JC Penney’s having a rough decade.
The 115-year old department store’s suffered two major selloffs since 2010. It first crumbled from the $30s to the $10 range between 2012 and 2014. Then between late 2016 and late last year, the stock spiraled from $10 to $3.
The bears were back in a big way on Friday, apparently looking for another leg to the downside. More than 35,000 May 4 puts were bought throughout the session, with premiums rising from $0.88 to $0.97.
Puts fix the price where a stock can be sold, so they can appreciate when shares decline. For example those May 4s will roughly double in value if JCP loses about one-third of its value by expiration. (Should it rally above $4 they’ll expire worthless.)
Another benefit of puts is that there’s limited risk in the event of a rally. (See our Knowledge Center for more.) Unlike short-selling, the trader can only lose their initial outlay. That can be prudent in a name like JCP, which already has massive bearish positioning based on short interest.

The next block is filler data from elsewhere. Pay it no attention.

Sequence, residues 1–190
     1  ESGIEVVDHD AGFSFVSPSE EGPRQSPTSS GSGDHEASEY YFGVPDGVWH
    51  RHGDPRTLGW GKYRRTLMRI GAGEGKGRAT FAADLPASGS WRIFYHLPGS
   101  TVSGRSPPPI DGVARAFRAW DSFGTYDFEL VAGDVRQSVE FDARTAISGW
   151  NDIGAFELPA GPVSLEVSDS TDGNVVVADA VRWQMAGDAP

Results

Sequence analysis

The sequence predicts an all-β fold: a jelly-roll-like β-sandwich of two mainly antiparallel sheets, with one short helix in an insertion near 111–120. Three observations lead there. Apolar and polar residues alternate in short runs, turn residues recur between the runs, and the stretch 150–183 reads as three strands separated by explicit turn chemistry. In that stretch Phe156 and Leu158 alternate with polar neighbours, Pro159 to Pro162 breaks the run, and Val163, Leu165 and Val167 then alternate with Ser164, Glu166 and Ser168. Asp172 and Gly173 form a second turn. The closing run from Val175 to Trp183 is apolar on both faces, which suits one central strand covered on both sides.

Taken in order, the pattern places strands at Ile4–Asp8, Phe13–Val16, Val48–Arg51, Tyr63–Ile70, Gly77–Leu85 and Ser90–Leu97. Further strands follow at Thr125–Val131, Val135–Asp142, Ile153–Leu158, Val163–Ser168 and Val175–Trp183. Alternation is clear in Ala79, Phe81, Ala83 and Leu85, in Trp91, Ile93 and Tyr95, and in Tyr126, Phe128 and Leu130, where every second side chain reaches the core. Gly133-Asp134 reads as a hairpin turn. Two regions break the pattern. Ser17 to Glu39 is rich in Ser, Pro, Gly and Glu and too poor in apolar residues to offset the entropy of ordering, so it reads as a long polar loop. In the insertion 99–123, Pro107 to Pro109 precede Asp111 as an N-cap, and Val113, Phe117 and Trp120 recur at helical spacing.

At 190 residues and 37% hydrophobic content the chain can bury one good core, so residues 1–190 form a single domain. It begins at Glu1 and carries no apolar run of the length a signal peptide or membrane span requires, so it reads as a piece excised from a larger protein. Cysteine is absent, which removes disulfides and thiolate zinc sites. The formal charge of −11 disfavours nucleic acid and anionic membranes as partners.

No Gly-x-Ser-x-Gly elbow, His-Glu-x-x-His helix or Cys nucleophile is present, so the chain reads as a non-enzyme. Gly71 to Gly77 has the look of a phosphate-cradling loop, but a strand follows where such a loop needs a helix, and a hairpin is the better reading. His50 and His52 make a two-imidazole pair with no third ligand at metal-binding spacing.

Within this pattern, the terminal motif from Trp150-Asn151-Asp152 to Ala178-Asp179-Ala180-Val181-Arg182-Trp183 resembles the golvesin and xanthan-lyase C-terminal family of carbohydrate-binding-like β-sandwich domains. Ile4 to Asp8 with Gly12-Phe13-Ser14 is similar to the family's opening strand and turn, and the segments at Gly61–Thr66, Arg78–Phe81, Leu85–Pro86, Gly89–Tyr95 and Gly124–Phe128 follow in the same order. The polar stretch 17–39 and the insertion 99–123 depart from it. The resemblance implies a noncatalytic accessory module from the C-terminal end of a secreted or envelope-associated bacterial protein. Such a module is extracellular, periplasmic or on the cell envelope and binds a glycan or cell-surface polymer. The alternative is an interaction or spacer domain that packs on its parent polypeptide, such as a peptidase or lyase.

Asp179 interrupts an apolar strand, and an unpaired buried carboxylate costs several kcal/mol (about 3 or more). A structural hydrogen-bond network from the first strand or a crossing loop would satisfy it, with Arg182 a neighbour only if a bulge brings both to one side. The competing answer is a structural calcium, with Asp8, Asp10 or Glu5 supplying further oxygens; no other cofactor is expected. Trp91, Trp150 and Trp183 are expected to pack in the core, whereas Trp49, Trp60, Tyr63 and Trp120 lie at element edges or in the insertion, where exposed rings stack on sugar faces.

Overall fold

E-commerce, weak mall traffic and a debt-choked balance sheet are the main culprits. Management has tried to staunch the bleeding with store closures, but seems to be having less success than smaller peers like Abercrombie & Fitch (ANF) and Lululemon (LULU).
JCP ended the session down 4.75 percent at $3.21. The last big blow came on March 5, when weak guidance pushed the stock below its 50-day moving average. That could make some trend followers expect further selling pressure.
Total option volume in JCP was triple the monthly average on Friday. Puts outnumbered calls by a bearish 11-to-1 ratio.
DISCLAIMER: Options trading may not be suitable for all investors.